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World Rivers Review/ Feb. 1997/ Ca
- Subject: World Rivers Review/ Feb. 1997/ Ca
- From: brelief@xxxxxxx
- Date: Sat, 05 Apr 1997 02:10:00
Subject: World Rivers Review/ Feb. 1997/ Campaign Notebook/Burma
World Rivers Review
Although nearly all of IRN's work is focused on rivers, we also occasionally
help others do work that is not primarily about rivers, but does make a
strong connection between the environment and human rights. Recently, we
have worked on behalf of Nigerian activists fighting to save their forest-
and watershed - from logging; helped establish the 50 Years Is Enough
coalition, which is a network of groups working to reform the World Bank;
and given a jump-start to Project Underground, a group that monitors
extractive industries such as mining and gas. The following is a report from
Pam Wellner, whose work on issues in Burma is a project of IRN.
Burma is ruled by an illegal military regime called the State Law and Order
Restoration Council (SLORC). In Burma's 1990 elections, more than 82 percent
of the parliament seats were voted in under the democracy party, the
National League for Democracy (NLD), led by Aung San Suu Kyi. SLORC
nullified the elections, refused the NLD power and placed most of its
representatives - including Ms. Suu Kyi - under arrest.
Since 1988, SLORC has engaged in a steadfast practice of human rights
violations against its own citizens, such as arbitrary executions, forced
labor, torture, rape, forced relocation and suppression of freedom of
speech. It has been universally condemned by the US State Department and
Congress, the European Parliament, UN Human Rights Commission, the
International Labor Organization, Amnesty International and Human Rights Watch.
SLORC maintains its power by selling off the country's resources at a
furious rate. Oil reserves provide large sums of hard currency, which is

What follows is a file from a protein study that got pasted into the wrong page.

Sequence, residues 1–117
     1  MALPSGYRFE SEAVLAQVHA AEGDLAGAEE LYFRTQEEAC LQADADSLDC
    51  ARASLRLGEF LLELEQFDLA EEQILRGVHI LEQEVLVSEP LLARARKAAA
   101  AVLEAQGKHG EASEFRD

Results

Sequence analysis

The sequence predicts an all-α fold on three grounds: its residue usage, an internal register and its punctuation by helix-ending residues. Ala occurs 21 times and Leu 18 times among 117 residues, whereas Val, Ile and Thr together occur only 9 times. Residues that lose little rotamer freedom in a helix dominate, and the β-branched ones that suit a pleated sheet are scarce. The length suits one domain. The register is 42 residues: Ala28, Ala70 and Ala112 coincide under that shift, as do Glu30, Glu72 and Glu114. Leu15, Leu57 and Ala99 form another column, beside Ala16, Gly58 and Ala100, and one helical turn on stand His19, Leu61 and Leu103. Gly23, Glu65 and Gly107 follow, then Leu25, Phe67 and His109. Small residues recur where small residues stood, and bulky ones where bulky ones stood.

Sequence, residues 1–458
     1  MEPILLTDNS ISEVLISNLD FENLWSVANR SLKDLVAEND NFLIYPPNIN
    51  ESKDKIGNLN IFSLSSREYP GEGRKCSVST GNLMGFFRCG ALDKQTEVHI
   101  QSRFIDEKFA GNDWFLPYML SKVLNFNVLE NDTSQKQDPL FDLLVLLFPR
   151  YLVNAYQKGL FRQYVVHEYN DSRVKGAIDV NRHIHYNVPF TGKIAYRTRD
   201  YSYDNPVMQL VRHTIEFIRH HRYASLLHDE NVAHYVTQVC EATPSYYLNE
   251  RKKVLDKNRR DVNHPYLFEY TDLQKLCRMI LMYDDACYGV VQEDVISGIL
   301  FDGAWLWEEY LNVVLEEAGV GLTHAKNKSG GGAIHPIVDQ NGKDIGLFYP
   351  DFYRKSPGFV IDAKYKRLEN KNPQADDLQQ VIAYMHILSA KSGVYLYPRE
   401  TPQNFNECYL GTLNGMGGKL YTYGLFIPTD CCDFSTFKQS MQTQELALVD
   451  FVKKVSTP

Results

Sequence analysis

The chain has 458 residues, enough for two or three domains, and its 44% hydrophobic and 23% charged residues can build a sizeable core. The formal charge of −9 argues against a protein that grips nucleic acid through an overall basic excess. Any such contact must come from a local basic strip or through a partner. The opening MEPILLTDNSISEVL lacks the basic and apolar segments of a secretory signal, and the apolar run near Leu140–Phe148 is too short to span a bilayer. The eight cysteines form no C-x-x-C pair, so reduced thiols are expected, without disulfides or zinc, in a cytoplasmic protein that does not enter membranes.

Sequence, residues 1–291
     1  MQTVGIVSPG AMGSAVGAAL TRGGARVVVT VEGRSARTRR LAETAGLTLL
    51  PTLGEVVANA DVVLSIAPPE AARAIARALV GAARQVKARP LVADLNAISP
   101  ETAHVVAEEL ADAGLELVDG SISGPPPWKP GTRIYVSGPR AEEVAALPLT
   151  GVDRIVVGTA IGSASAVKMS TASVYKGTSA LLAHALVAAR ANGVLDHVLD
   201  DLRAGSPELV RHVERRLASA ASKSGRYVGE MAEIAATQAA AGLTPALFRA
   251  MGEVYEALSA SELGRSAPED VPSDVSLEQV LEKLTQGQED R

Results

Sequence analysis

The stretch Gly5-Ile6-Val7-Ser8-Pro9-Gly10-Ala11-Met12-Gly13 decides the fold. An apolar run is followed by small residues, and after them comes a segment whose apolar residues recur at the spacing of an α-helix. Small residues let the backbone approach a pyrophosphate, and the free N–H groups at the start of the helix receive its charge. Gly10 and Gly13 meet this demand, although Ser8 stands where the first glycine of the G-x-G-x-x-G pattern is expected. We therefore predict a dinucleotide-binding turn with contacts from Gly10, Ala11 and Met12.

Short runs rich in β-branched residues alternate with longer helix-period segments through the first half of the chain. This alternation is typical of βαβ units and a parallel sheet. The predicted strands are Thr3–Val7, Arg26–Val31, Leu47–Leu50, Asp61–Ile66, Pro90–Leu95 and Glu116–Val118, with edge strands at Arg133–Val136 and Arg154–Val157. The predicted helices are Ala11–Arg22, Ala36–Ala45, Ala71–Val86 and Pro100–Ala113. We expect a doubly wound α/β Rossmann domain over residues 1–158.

used to buy armaments to suppress the democracy movement and ethnic
nationalities, not foreign enemies. Burma, the world's largest supplier of
heroin, has increased production under SLORC's control. Sixty percent of the
illicit heroin in the US comes from Burma.
The "Free Burma - No Petro-dollars for SLORC" campaign was spearheaded by a
call for help from ethnic nationalities living in the Tenasserim division of
Burma where foreign oil companies are developing gas pipeline projects. The
Karen, Mon and Tavoy Peoples are the victims of human rights abuses such as
forced relocation, forced labor, pillaging, rape and torture by SLORC troops
securing the pipeline area.
The campaign primarily focuses on two different gas pipeline projects, one
operated by Total (France) and Unocal (USA), and the other by Texaco (USA),
Nippon Oil Japan), and Premier Oil (UK) in the southern Burma Tenasserim
watershed. The pipeline area will pass through some of mainland Southeast
Asia's last intact rainforests. This important watershed, which is drained
by the Tenasserim River, is also the habitat for large animals such as
rhinoceros, tiger, elephants, as well as many endemic species.
The campaign's objective is to escalate public attention and pressure on
these companies so that they withdraw their operations and investments from
Burma until a genuine democratic government is in place. The campaign is
part of the Free Burma Coalition, which pulls together the largest single
student movement today with environmental, human rights, religious and labor
groups. The Free Burma Coalition has been successful in pressuring companies
such Eddie Bauer, Columbia Sportswear, Apple Computer, Motorola and Heineken
to withdraw their businesses from Burma. In January, after an extensive
grassroots effort, PepsiCo announced its complete disinvestment from Burma.
Aung San Suu Kyi, a 1992 Nobel Peace Prize Laureate, now free from house
arrest, has asked that economic sanctions be implemented against the SLORC
regime. In support of Burma's democracy movement and ethnic nationalities,
the No Petro-dollars SLORC campaign urges US companies to disinvest from
Burma until a genuine democratic government is in place.
For more information on this campaign, visit IRN's web page at www.irn.org